Project description:Because tandem mass spectrometry- (MS/MS-) based newborn screening identifies many suspicious cases of fatty acid oxidation and carnitine cycle disorders, a simple, noninvasive test is required to confirm the diagnosis. We have developed a novel method to evaluate the metabolic defects in peripheral blood mononuclear cells loaded with deuterium-labeled fatty acids directly using the ratios of acylcarnitines determined by flow injection MS/MS. We have identified diagnostic indices for the disorders as follows: decreased ratios of d27-C14-acylcarnitine/d31-C16-acylcarnitine and d23-C12-acylcarnitine/d31-C16-acylcarnitine for carnitine palmitoyltransferase-II (CPT-II) deficiency, decreased ratios of d23-C12-acylcarnitine/d27-C14-acylcarnitine for very long-chain acyl-CoA dehydrogenase (VLCAD) deficiency, and increased ratios of d29-C16-OH-acylcarnitine/d31-C16-acylcarnitine for trifunctional protein (TFP) deficiency, together with increased ratios of d7-C4-acylcarnitine/d31-C16-acylcarnitine for carnitine palmitoyltransferase-I deficiency. The decreased ratios of d1-acetylcarnitine/d31-C16-acylcarnitine could be indicative of ?-oxidation ability in patients with CPT-II, VLCAD, and TFP deficiencies. Overall, our data showed that the present method was valuable for establishing a rapid diagnosis of fatty acid oxidation disorders and carnitine cycle disorders and for complementing gene analysis because our diagnostic indices may overcome the weaknesses of conventional enzyme activity measurements using fibroblasts or mononuclear cells with assumedly uncertain viability.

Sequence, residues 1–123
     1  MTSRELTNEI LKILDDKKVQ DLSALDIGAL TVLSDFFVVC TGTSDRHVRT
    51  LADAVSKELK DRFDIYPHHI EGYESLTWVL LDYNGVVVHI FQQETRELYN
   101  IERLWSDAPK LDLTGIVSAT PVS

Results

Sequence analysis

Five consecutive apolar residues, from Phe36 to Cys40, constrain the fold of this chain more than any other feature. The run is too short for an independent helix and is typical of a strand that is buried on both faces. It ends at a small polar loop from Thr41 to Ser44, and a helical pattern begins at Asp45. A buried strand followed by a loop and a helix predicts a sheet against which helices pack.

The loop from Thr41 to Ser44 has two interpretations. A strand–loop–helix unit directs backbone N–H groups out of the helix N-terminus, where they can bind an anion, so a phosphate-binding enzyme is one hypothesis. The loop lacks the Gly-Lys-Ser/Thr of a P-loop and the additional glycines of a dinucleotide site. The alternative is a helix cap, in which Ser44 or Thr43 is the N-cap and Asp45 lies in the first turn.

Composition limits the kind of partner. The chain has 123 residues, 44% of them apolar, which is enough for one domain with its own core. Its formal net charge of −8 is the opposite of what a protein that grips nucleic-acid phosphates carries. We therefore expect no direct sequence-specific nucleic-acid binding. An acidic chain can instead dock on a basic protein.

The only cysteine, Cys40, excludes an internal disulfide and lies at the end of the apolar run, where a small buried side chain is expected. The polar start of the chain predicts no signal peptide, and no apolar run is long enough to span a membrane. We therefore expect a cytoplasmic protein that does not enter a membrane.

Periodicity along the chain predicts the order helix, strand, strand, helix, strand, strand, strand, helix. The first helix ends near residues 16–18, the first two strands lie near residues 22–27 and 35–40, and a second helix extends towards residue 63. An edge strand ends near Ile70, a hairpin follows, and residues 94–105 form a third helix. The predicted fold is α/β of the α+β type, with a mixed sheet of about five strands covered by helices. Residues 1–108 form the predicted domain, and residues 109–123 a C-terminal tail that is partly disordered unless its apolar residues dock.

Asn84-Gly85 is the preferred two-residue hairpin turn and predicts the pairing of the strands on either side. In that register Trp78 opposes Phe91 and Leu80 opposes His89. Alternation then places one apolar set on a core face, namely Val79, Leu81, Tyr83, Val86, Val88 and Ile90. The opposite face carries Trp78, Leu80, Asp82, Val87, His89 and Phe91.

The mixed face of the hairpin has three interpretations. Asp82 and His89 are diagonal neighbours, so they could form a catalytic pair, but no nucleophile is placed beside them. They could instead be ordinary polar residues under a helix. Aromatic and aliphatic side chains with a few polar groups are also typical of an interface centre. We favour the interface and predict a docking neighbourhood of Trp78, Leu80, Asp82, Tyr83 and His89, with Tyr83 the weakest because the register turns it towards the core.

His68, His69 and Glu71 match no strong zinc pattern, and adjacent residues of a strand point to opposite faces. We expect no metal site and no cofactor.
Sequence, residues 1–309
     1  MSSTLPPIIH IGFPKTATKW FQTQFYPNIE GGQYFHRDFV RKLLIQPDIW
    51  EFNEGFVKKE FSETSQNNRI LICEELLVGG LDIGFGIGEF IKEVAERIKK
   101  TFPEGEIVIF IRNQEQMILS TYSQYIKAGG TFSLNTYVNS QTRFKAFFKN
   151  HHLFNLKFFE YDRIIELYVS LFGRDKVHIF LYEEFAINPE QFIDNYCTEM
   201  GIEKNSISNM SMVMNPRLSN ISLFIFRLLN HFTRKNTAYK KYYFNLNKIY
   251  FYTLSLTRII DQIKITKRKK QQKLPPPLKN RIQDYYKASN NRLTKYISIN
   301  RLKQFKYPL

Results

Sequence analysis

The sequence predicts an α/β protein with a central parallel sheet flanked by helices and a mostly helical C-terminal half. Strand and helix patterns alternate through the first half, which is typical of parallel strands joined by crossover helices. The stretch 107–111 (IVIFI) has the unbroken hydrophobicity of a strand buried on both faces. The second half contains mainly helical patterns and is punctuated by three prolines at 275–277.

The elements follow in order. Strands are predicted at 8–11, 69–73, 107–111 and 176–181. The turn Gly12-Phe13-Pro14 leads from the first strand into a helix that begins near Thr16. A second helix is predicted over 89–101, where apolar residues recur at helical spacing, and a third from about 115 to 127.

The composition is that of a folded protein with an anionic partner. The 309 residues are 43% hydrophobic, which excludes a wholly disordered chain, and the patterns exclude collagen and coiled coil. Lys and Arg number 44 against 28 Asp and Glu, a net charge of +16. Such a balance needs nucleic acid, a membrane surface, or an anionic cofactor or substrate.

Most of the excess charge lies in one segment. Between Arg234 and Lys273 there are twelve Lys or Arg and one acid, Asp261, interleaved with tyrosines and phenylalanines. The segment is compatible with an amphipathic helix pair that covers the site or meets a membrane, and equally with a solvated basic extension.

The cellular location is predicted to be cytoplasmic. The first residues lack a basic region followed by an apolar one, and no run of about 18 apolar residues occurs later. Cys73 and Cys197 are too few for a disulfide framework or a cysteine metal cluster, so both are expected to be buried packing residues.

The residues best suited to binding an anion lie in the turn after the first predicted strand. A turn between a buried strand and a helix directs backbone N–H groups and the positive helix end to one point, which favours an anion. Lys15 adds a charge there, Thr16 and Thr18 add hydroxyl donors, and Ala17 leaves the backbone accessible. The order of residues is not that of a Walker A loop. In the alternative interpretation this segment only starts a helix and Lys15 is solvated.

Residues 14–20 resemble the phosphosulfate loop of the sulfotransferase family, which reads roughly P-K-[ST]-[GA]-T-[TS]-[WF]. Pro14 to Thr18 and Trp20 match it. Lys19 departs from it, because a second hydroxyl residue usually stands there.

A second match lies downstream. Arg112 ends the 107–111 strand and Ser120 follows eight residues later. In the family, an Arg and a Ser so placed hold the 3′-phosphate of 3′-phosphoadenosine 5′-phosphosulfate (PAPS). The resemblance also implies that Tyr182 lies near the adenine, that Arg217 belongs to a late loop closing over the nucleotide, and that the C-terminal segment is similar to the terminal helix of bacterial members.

Project description:The relationship between the acid-soluble carnitine and coenzyme A pools was studied in fed and 24-h-starved rats after carnitine administration. Carnitine given by intravenous injection at a dose of 60mumol/100g body wt. was integrated into the animal's endogenous carnitine pool. Large amounts of acylcarnitines appeared in the plasma and liver within 5min of carnitine injection. Differences in acid-soluble acylcarnitine concentrations were observed between fed and starved rats after injection and reflected the acylcarnitine/carnitine relationship seen in the endogenous carnitine pool of the two metabolic states. Thus, a larger acylcarnitine production was seen in starved animals and indicated a greater source of accessible acyl-CoA molecules. In addition to changes in the amount of acylcarnitines present, the specific acyl groups present also varied between groups of animals. Acetylcarnitine made up 37 and 53% of liver acid-soluble acylcarnitines in uninjected fed and starved animals respectively. At 5min after carnitine injection hepatic acid-soluble acylcarnitines were 41 and 73% in the form of acetylcarnitine in fed and starved rats respectively. Despite these large changes in carnitine and acylcarnitines, no changes were observed in plasma non-esterified fatty acid or beta-hydroxybutyrate concentrations in either fed or starved rats. Additionally, measurement of acetyl-CoA, coenzyme A, total acid-soluble CoA and acid-insoluble CoA demonstrated that the hepatic CoA pool was resistant to carnitine-induced changes. This lack of change in the hepatic CoA pool or ketone-body production while acyl groups are shunted from acyl-CoA molecules to acylcarnitines suggests a low flux through the carnitine pool compared with the CoA pool. These results support the concept that the carnitine/acid-soluble acylcarnitine pool reflects changes in, rather than inducing changes in, the hepatic CoA/acyl-CoA pool.